• France, which is battling a resurgence of the virus, reported a daily record for new cases on Thursday. The French Health Ministry said there had been 9,843 cases in the past 24 hours. Hospital admissions were also up, with 5,096 patients being treated for the virus, more than 600 of them described as having life-threatening infections.

  • North Korea has deployed crack troops along its border with a shoot-to-kill order to prevent smugglers from bringing in the coronavirus, the United States’ top general in South Korea said on Thursday.

Florida will reopen bars on Monday, and Puerto Ricans can go back to the beach.

Halsey Beshears, Florida’s secretary for the Department of Business and Professional Regulation, announced on Twitter on Thursday that the state would allow bars to operate at half capacity starting Monday. He rescinded an executive order from June that had banned drinking at bars as the state experienced a coronavirus surge.

Gov. Ron DeSantis, a Republican, had hinted earlier on Thursday that his administration would not only soon allow the reopening of bars and restaurants but also forbid future closures.

“I think that we probably need to just have it that everyone knows they’ll be able to operate,” he said. “The closures are just totally off the table, because it’s hard to plan if you think you have the sword of Damocles hanging over your head.”

Bars, however, seem likely to remain closed in Miami-Dade, the state’s most populous county and where the virus has hit hardest. Mayor Carlos Gimenez said Wednesday that bars and nightclubs, which have been shut down by county order since March, would remain shuttered.

“The activities there are not conducive to maintaining a six-feet separation,” he said. “I don’t foresee us opening bars and nightclubs here for the foreseeable future — until we get a vaccine.”

In Puerto Rico, Gov. Wanda Vázquez eased some of the island’s tight restrictions on Thursday, citing a recent drop in coronavirus cases. Ms. Vázquez lifted a lockdown that had forced people to stay home on Sundays, and reopened beaches to everyone. She also authorized the reopening of gyms, movie theaters and casinos at 25 percent capacity.

Bars and nightclubs remain closed, and a nightly curfew will remain in effect.

A new stimulus plan before Election Day is looking even more unlikely.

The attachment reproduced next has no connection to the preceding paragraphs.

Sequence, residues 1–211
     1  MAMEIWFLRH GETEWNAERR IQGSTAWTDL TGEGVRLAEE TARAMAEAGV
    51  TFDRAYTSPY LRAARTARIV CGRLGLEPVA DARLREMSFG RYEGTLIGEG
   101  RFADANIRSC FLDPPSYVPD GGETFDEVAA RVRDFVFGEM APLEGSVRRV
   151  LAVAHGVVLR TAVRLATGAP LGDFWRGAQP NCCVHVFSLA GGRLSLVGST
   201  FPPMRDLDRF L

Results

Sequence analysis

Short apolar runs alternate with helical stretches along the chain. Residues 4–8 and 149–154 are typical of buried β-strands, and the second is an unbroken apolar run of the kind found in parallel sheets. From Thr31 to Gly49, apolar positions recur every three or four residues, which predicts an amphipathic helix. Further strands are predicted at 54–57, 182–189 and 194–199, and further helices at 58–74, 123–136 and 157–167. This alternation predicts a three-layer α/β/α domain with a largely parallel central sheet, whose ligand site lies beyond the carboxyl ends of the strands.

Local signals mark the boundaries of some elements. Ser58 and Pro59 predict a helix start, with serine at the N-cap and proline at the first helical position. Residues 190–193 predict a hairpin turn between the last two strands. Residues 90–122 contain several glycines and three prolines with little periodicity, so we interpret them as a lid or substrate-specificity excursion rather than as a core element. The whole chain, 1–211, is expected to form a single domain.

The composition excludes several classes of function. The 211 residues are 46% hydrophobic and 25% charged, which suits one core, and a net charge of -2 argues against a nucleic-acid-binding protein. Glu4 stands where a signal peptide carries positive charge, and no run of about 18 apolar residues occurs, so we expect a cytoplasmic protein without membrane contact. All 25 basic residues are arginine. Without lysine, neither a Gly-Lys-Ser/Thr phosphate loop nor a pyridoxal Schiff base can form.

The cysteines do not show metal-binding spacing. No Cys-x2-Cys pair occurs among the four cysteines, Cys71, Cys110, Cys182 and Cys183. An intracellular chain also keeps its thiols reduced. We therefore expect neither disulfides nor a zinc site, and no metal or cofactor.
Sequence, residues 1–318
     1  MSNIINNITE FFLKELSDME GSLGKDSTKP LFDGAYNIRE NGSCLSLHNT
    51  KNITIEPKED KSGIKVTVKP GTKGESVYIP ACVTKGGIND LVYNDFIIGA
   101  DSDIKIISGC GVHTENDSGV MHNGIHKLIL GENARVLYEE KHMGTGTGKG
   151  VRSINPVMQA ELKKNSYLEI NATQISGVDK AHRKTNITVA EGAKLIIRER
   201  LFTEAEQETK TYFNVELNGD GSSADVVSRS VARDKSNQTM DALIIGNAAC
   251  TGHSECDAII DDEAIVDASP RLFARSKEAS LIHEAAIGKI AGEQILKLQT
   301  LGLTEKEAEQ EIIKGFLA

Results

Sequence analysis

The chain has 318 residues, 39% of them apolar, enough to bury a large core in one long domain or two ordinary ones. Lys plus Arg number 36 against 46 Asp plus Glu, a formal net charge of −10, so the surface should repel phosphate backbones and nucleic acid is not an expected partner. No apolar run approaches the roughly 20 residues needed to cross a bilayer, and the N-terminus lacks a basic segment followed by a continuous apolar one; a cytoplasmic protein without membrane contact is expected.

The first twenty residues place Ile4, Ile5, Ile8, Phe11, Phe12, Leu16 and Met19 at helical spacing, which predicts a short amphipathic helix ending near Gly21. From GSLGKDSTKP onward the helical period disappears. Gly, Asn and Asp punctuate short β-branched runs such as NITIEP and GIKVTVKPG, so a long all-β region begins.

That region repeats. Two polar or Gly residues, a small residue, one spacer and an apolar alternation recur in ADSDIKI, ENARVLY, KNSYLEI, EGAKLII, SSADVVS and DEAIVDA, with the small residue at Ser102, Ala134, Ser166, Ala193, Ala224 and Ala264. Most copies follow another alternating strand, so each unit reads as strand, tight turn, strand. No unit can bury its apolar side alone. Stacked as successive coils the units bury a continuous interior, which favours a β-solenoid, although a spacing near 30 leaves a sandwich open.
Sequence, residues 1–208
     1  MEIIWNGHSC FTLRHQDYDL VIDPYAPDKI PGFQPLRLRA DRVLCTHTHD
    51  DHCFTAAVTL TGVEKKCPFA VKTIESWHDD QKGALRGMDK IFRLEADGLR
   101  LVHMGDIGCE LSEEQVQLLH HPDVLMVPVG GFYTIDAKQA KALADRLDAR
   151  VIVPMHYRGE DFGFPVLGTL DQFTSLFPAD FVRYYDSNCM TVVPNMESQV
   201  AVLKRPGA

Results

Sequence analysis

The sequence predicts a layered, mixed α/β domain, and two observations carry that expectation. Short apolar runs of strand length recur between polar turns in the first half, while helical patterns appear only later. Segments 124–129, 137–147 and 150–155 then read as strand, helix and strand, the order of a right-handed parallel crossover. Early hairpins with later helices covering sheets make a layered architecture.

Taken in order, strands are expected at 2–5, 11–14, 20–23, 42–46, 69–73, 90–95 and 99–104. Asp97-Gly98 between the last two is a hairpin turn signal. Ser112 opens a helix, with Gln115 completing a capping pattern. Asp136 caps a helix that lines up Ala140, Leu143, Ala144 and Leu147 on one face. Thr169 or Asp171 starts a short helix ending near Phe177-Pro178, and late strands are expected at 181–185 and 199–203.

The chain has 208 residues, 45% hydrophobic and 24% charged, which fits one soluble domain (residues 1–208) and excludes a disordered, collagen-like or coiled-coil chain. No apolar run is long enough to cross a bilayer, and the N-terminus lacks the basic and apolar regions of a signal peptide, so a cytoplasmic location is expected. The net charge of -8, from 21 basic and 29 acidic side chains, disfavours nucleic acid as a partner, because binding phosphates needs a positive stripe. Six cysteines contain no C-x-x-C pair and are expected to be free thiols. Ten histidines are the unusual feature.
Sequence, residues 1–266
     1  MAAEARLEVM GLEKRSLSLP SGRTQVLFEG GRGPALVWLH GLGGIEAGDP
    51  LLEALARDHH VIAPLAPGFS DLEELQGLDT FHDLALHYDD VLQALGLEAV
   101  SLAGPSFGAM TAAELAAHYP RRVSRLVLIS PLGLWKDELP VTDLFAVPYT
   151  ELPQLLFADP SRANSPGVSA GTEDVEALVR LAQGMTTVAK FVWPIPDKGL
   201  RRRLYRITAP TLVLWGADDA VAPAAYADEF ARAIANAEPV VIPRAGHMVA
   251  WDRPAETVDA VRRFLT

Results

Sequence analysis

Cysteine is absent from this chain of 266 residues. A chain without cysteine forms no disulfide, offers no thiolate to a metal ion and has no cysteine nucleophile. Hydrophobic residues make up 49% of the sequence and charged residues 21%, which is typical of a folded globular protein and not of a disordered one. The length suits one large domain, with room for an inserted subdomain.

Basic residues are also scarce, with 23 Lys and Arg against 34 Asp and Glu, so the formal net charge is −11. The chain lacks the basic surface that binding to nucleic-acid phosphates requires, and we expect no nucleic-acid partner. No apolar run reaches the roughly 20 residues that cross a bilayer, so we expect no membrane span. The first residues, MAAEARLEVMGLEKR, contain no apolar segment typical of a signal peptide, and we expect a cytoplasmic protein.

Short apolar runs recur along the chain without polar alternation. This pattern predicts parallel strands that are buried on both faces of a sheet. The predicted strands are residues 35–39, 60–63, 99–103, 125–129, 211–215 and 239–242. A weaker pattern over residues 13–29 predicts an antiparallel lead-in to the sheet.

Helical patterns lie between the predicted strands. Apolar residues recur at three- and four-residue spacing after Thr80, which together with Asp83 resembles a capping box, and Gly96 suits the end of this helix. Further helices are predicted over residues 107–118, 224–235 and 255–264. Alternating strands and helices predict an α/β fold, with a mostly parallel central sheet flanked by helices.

Prospects for any additional stimulus to address the coronavirus pandemic’s devastating toll before the election darkened considerably on Thursday, when a whittled-down Republican plan failed in the Senate on a partisan vote.

Democrats voted unanimously to block the proposal from advancing, calling it inadequate to meet the mounting needs for federal aid, in the latest indication of a lack of political will to reach an agreement, even as critical federal aid for individuals and businesses has run dry.

It was a nearly party-line vote whose outcome was never in doubt. The proposal amounted to a fraction of the $1 trillion plan Republicans had offered in negotiations with Democrats, who in turn are demanding more than twice as much.

A failure to compromise would leave millions of jobless Americans in potentially dire straits, as they exhaust jobless benefits and states run out of additional funds that President Trump steered to the unemployed by executive order last month. It would also strand a wide swath of small business owners who have endured steep drops in revenue, with little prospect of a return to normal levels for months to come.

“Along with a pandemic of Covid-19, we have a pandemic of politics,” Senator Pat Roberts, Republican of Kansas, said. “Looking to the House — and for that matter, our colleagues across the aisle — it’s a sort of a dead-end street.”

He spoke after the measure failed on a 52-to-47 vote, falling short of the 60 it would have needed to advance.

Reporting was contributed by Kenneth Chang, Choe Sang-Hun, Emily Cochrane, Sophie Hardach, Dan Levin, Patricia Mazzei, Richard C. Paddock, Saw Nang, Roni Caryn Rabin, Jim Tankersley, Kate Taylor and Noah Weiland.